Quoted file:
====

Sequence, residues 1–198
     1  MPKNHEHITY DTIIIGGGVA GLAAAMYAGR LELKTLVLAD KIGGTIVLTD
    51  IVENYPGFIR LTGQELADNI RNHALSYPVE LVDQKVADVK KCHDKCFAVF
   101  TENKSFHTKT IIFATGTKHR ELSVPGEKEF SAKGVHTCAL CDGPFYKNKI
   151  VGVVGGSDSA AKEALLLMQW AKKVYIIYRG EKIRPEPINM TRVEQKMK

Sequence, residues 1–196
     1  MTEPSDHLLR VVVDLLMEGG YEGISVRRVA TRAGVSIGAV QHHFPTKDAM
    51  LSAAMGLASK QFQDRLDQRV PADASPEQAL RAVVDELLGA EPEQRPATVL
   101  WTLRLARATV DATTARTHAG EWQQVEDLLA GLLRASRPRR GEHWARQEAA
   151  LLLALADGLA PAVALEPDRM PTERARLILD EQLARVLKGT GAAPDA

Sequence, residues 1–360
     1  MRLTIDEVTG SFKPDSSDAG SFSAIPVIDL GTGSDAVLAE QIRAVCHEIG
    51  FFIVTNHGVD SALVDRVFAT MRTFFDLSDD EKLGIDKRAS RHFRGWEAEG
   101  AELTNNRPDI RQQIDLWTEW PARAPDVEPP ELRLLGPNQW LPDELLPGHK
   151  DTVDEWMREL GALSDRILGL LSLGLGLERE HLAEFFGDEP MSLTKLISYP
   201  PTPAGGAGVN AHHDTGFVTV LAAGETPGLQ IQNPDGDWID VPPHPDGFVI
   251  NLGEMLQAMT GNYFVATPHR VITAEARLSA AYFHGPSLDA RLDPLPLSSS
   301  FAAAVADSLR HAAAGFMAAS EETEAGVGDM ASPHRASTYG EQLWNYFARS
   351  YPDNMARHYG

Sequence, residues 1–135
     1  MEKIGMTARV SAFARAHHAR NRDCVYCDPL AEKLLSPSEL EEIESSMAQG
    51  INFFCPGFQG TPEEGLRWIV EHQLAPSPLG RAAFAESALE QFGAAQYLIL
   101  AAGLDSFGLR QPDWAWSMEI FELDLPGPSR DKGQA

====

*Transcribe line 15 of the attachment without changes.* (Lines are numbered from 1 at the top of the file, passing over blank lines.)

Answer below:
   151  DTVDEWMREL GALSDRILGL LSLGLGLERE HLAEFFGDEP MSLTKLISYP